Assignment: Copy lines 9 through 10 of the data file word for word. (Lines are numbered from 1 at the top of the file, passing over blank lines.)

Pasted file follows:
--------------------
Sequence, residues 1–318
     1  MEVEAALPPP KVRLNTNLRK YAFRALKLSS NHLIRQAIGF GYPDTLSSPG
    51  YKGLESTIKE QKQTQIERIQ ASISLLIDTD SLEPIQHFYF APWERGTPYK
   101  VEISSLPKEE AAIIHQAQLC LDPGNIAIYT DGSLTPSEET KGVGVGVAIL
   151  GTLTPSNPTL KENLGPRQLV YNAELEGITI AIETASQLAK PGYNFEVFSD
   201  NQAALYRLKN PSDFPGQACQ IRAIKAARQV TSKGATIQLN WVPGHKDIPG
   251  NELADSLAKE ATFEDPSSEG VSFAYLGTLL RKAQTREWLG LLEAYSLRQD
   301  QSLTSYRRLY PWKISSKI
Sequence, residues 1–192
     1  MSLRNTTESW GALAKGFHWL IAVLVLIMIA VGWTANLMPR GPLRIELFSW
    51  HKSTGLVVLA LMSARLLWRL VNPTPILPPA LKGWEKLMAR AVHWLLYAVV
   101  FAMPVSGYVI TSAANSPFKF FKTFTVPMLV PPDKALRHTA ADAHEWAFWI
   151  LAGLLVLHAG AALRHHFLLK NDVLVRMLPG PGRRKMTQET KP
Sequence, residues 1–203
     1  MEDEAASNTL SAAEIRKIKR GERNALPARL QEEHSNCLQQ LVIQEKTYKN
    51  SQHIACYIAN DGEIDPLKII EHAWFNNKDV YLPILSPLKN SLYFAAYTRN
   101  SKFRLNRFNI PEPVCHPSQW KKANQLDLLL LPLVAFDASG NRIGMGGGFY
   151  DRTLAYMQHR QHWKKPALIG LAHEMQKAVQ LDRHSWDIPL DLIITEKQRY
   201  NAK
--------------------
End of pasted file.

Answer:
Sequence, residues 1–192
     1  MSLRNTTESW GALAKGFHWL IAVLVLIMIA VGWTANLMPR GPLRIELFSW